The future for Chemikal Underground certainly isn’t in turning its back on releasing music but I would see it more as a community-engaged arts organisation, moving forward. We’ll release albums but also work with and within music inside the community we’re in. And I think there are a whole load of other labels and companies that will be asking themselves similar questions about what they can do instead or as well.

Do you see others in Glasgow doing that already?
In this day and age you have to be a skilled multi-tasker. You have to be culturally, artistically, creatively articulate enough to be able to apply what it is that you do to as many different areas are possible. I think [Glasgow based label] LuckyMe is a great example of that. Those guys, whether you’re talking about Numbers or LuckyMe, were really quite inspirational new kids on the block. They recognised very early on the importance of taking a very broad-based diverse approach to what they did. They have done everything in a really interesting and creative way. For us at Chemikal Undeground, we look around at other labels in the city and try to take that on board as much as we can.

Why do you think Glasgow’s local music industry is so resilient? Are you more self-sustaining?
Well, I know there were really brutal cuts in the North East of England – 100 percent in some cases. This is by no means a party political broadcast but in Scotland we are going through as vibrant and as buoyant an era for the arts that I can remember and there are all sorts of reasons for that.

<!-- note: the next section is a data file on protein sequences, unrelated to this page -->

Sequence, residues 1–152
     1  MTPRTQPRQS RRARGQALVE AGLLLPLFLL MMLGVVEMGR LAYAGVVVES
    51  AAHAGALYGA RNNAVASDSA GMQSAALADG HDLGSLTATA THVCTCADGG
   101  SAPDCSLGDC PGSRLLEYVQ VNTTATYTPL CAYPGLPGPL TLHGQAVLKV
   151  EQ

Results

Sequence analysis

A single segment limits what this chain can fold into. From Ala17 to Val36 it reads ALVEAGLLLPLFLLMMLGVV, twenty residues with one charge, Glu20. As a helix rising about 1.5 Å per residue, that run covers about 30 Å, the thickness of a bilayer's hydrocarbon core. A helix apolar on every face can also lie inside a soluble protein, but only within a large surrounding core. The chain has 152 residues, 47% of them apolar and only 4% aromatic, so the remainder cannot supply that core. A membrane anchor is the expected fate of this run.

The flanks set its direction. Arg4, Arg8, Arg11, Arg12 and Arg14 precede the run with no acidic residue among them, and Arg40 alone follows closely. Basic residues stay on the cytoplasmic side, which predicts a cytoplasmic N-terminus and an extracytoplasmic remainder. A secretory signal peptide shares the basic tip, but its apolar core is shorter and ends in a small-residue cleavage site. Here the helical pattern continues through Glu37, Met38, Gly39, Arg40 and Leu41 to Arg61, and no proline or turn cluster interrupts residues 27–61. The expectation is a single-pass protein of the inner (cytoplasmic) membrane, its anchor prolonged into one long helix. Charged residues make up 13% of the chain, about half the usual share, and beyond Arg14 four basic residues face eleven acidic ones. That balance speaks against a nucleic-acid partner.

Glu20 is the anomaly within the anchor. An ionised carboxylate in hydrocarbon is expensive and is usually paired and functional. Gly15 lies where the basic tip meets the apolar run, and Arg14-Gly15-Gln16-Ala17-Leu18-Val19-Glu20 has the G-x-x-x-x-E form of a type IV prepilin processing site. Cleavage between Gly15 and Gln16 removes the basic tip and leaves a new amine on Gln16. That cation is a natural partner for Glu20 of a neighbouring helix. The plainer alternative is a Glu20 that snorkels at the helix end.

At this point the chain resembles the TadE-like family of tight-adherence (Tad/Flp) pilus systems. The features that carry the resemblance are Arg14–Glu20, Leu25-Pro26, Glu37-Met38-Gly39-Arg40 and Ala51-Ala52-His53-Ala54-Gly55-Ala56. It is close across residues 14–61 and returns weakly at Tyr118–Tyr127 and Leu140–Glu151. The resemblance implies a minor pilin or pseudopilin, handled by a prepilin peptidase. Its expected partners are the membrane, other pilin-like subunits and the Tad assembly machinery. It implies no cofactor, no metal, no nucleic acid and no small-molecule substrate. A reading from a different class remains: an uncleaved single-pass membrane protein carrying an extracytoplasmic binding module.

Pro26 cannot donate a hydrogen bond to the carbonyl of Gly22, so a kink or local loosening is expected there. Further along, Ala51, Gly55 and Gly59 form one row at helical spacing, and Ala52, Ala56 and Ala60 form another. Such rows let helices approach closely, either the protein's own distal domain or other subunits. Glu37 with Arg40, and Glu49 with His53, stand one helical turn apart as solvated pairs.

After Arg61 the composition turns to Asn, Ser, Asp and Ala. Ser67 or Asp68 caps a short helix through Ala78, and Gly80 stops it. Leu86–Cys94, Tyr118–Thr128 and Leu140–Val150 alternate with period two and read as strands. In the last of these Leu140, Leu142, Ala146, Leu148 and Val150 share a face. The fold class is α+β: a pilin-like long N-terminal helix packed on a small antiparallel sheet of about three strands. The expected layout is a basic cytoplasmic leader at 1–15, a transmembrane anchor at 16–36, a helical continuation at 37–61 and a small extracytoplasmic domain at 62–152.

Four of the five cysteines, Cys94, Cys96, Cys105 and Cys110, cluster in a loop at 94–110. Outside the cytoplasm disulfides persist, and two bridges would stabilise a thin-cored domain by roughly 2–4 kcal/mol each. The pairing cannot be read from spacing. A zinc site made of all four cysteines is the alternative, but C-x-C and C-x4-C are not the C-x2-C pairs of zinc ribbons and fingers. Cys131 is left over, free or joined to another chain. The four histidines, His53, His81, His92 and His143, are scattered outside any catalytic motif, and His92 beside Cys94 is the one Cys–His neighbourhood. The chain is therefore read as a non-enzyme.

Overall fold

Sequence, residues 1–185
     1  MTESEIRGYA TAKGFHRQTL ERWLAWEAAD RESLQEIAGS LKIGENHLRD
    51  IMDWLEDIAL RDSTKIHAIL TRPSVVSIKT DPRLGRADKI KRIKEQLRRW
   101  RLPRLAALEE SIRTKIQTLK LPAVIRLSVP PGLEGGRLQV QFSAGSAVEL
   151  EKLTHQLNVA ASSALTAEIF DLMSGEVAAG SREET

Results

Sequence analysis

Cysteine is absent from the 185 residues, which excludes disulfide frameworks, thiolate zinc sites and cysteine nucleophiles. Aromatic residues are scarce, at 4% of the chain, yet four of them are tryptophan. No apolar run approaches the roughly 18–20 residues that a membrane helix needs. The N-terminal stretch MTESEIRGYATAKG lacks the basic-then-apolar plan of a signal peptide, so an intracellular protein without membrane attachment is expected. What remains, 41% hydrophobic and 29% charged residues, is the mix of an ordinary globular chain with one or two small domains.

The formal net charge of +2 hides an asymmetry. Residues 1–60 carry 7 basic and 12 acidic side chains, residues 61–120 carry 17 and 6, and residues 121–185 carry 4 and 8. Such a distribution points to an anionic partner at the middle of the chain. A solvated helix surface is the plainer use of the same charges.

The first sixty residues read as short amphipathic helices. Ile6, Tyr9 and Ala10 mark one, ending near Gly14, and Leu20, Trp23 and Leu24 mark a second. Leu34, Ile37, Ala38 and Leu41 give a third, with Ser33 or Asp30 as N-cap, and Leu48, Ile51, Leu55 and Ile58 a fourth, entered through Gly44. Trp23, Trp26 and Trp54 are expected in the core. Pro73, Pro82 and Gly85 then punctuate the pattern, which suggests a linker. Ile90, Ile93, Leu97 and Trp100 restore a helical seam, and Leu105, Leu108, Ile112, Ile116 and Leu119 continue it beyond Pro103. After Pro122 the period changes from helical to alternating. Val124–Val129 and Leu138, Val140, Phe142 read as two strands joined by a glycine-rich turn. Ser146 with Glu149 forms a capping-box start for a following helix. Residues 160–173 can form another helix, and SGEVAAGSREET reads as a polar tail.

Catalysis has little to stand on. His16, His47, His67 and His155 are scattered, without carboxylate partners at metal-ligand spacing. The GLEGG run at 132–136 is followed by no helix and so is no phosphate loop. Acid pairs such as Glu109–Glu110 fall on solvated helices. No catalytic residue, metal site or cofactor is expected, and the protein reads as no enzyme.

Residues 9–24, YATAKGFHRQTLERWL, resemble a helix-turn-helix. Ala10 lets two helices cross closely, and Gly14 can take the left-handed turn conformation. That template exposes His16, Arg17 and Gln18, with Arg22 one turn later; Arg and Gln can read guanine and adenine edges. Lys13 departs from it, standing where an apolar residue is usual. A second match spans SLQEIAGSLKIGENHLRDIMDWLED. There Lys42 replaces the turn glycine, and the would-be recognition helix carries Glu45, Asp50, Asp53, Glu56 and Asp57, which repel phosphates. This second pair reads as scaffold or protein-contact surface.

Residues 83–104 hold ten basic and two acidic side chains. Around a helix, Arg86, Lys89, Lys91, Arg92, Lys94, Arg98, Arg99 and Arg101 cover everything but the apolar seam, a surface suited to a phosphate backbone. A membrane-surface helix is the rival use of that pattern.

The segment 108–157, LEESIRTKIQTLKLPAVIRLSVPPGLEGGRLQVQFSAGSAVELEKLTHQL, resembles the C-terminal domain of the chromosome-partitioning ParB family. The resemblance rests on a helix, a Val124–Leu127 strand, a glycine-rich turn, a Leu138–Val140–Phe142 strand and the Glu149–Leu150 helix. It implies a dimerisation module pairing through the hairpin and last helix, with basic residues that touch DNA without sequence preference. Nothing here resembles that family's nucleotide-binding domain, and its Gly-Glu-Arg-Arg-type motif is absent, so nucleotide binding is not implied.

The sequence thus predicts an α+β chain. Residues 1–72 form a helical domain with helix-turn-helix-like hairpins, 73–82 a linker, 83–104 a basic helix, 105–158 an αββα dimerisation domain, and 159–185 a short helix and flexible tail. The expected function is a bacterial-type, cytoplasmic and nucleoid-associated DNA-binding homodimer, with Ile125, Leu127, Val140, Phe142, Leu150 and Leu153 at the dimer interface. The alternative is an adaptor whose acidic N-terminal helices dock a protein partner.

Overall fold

With the referendum coming up next year there’s almost an inevitability to the fact that culture and the arts will start to swing round front and centre when you have any kind of debate about our national identity. We happen to be operating within a very positive, supportive environment in terms of arts funding. I think Creative Scotland have – whether through their own actions or through Scottish parliament – have protected us to a degree from the brutal cuts which have hit England. Arts Council England have had to shoulder harder cuts than we have up here. So we’re in a very supportive environment and that feeds into the Glasgow music community.

Scotland is really out in front in the way we perceive the arts, both in relation to our society and who we are as a nation. We’re the most artistically switched on we’ve ever been and Glasgow is both a big benefactor and a big contributor. I find it as exciting a time in this city as I can remember.